Best virtual reality drones
When considering the best virtual reality drones for filming, then the user should balance between usability, price, and quality. Drones can range from under £100 to over £1000, designed for hobbyists or professionals.
Here is a list of the best virtual reality drones currently in the market:
Xtreme Aerial Quadcopter Drone
At 1.3 pounds, the Xtreme Aerial Quadcopter Drone is one of the lightest on offer. With its light frame, it is easy to transport to a field and let fly with its remote controls and bundled VR headset. Users slot in their phone, grab the controller, and let fly the product. It is also easy to take photos and shoot films with an included 16GB memory card.
With its low price comes a weak battery. Users can expect to fly around for a couple of hours before it needs to land and be recharged. It is also difficult to control as there is a significant lag between what is seen through the Xtreme Aerial Quadcopter Drone camera, making it difficult to control and handle.
In other words, this is the most cost-effective drone for those who want a fun gift for Christmas. However, with its cheap design comes technical setbacks which keep back hardcore drone enthusiasts.
Promark Virtual Reality Drone
One of the best virtual reality drones out there, the Promark Virtual Reality Drone is great value for money. The drone comes with goggles that connect directly to the drone, which is equipped with a 720p camera. The drone is designed for the explorer, equipped with recording and streaming capabilities for capturing moments for everyone to see. While several times heavier than the Xtreme Aerial Quadcopter Drone at 5.5 pounds, it comes with much better tech for the passionate user.
The Promark Virtual Reality Drone is one of the best starter drones out there, best for beginners looking to try out the technology. While it is not a sophisticated as the top-level kind of drones, it is one of the best for those dipping their toes to test the waters.
DJI Mavic Air
So far, two cheaper drone models have been explored, which are normally suited for Christmas gatherings. The DJI Mavic Air takes a step beyond with a high-quality – and expensive – alternative.
The drone is foldable, making it easy to transport, and comes equipped with a 4K camera. It also comes with a set of goggles, letting users look around the world as they fly around. Combined with high speeds, tracking, slow-motion shots, and decent flight time, and the DJI Mavic Air is one of the best virtual reality drones in the market. If users want the best, this is it.
What country regulations should people be aware of?
It is one thing to own a drone; it is quite another to be allowed to fly it. With the spate of high-profile drone incidents around the world, countries have placed regulations to ensure that they cannot be flown unless certain conditions are set. These rules differ from country to country, even within the European Union.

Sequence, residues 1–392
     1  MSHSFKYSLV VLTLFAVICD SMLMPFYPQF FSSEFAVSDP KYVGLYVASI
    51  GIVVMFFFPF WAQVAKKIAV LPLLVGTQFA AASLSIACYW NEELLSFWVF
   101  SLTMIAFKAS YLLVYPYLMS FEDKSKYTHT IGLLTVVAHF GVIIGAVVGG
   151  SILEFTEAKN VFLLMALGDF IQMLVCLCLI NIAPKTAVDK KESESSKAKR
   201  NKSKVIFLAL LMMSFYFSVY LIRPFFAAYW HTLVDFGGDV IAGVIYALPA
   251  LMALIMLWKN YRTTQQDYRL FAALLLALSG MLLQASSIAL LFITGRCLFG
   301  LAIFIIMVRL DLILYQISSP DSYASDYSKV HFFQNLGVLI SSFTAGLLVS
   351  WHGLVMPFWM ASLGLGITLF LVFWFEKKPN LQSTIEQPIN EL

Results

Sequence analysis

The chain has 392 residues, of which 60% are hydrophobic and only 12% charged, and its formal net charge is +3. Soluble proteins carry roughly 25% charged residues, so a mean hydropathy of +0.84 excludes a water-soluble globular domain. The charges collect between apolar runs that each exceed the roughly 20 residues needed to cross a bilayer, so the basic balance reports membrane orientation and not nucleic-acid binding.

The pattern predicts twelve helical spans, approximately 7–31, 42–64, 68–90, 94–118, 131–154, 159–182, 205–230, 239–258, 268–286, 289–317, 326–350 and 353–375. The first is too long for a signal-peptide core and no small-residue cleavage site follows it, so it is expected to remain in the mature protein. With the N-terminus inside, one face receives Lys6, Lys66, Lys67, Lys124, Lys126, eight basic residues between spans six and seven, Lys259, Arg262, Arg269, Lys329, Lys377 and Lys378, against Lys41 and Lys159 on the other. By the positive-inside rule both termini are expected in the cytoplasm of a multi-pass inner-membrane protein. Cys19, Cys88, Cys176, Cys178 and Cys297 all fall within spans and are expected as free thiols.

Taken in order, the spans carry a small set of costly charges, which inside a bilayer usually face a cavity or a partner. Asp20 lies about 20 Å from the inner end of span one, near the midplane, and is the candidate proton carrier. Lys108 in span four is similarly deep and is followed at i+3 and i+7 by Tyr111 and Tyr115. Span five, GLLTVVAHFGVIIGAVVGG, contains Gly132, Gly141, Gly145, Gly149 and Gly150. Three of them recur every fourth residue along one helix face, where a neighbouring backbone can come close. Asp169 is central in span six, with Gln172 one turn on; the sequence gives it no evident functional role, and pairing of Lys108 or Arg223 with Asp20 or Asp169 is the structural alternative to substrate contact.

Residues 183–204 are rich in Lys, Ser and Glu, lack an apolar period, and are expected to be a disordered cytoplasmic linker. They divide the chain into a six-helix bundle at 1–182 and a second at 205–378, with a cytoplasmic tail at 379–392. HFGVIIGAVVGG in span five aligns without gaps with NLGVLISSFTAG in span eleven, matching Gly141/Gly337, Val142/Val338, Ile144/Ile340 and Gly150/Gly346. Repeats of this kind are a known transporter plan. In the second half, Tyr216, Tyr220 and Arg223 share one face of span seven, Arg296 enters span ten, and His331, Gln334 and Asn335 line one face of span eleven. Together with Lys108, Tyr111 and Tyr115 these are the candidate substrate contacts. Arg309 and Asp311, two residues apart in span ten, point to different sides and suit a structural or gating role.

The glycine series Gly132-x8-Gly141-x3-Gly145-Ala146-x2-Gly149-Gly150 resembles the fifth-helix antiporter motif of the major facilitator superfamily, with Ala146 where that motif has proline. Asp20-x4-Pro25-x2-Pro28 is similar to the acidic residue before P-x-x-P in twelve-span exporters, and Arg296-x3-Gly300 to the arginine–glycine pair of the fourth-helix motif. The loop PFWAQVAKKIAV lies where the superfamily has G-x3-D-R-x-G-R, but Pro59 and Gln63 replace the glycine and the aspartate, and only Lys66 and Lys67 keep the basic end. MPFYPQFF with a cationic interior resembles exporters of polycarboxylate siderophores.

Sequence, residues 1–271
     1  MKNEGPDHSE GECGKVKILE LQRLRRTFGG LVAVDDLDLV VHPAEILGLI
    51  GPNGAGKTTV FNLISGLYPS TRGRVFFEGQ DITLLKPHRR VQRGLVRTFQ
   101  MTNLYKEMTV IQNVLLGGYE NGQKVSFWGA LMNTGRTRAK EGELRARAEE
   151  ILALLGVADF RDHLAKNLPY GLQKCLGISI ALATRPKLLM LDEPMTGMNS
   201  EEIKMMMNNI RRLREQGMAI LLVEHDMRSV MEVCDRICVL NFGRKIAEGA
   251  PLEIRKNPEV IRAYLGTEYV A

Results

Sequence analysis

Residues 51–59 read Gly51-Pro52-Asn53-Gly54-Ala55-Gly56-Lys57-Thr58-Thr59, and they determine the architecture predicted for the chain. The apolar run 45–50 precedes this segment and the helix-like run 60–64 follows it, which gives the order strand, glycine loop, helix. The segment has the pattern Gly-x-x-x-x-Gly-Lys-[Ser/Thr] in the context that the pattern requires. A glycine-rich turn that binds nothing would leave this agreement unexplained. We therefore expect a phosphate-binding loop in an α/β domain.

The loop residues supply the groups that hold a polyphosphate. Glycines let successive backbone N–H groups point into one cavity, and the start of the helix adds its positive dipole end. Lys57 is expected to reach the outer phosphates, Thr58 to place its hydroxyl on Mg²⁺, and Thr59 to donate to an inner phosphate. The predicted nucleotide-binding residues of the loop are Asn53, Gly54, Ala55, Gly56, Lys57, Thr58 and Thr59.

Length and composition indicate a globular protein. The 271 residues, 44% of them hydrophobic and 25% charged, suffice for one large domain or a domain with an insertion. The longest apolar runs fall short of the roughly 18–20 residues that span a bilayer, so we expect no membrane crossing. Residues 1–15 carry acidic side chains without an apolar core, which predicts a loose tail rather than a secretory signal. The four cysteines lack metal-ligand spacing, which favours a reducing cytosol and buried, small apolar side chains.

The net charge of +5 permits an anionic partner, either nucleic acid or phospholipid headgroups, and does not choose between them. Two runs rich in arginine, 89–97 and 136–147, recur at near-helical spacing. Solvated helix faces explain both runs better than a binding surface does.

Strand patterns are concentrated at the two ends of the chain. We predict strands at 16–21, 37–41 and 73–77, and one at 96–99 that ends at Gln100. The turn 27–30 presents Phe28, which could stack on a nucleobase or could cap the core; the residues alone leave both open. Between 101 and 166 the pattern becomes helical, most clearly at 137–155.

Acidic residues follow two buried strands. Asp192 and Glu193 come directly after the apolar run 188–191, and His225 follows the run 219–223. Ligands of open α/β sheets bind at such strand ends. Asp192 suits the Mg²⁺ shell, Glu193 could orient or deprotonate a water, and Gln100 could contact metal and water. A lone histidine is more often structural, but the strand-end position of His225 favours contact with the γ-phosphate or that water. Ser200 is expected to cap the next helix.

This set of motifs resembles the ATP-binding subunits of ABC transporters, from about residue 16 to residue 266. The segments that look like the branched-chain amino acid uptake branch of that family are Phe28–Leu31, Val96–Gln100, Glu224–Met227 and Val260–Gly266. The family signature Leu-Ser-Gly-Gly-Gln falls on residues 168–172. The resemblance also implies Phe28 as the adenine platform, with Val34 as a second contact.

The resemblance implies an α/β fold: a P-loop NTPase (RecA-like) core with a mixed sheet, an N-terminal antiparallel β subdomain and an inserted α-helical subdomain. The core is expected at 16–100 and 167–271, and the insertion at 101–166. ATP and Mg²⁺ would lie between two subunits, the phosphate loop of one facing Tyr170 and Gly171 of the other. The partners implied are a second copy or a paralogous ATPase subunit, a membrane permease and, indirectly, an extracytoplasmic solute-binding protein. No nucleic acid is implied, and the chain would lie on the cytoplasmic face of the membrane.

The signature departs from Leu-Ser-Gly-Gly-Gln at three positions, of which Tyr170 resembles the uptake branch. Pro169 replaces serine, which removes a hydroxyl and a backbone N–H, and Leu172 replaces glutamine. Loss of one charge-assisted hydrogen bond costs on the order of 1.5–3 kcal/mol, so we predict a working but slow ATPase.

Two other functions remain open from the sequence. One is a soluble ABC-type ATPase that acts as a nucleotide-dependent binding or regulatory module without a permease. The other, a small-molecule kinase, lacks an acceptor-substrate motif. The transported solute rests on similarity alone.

The first step every person should take is to contact the country’s Civil Aviation Authority. The aviation regulators provide advice and steps to take in order to gain permission in each country, and can guide people in the right direction.
From there, the flyer would typically need to get permission for aerial work, otherwise known as a PFAW. In the UK’s case, flyers would need to take a theory test, write an operations manual, and take practical tests. Such tests are extensive and time-consuming, but are necessary to ensure the safety of areas being filmed. (PFAW is only necessary for commercial work, if it is recreational it is not necessary).
Once acquired, there are still restrictions on what a PFAW can allow. For example, certain locations – such as sites of historical interest – are banned unless an additional layer of permission is granted. Further, there is a general rule that a drone cannot be within 50 meters of a person or object outside of the crew’s control. An aeronautical map can show where is restricted airspace. In order to gain access, flyers also need a NOTAM.
These rules are complex and restrictive, but are there to ensure that virtual reality drones do not overstep their boundaries. In any case, the best first case is to contact the Civil Aviation Authority and take the necessary steps.
What is the future of virtual reality drones?
The future will likely bring further iterations of virtual reality drones, while becoming more accessible for consumers with lower costs.
Currently, virtual reality drones are largely dominated by hobbyists and professionals who use the capabilities for multiple activities, from filming films to racing around courses. Buying them is relatively easy but, using them well takes time and effort. Given time, drones will decrease in costs allowing more people to buy them, and resources are more accessible so more people can play with them.
Another potential innovation is the use of augmented reality (AR). By using the drones’ internal GPS system and trackers placed on the ground, race courses could be overlaid via AR, with floating virtual targets to hit as drones fly around. While this is not directly related to virtual reality drones, the use of AR will impact the way drones could be controlled and used, improving the user experience.
Editor, Virtual Perceptions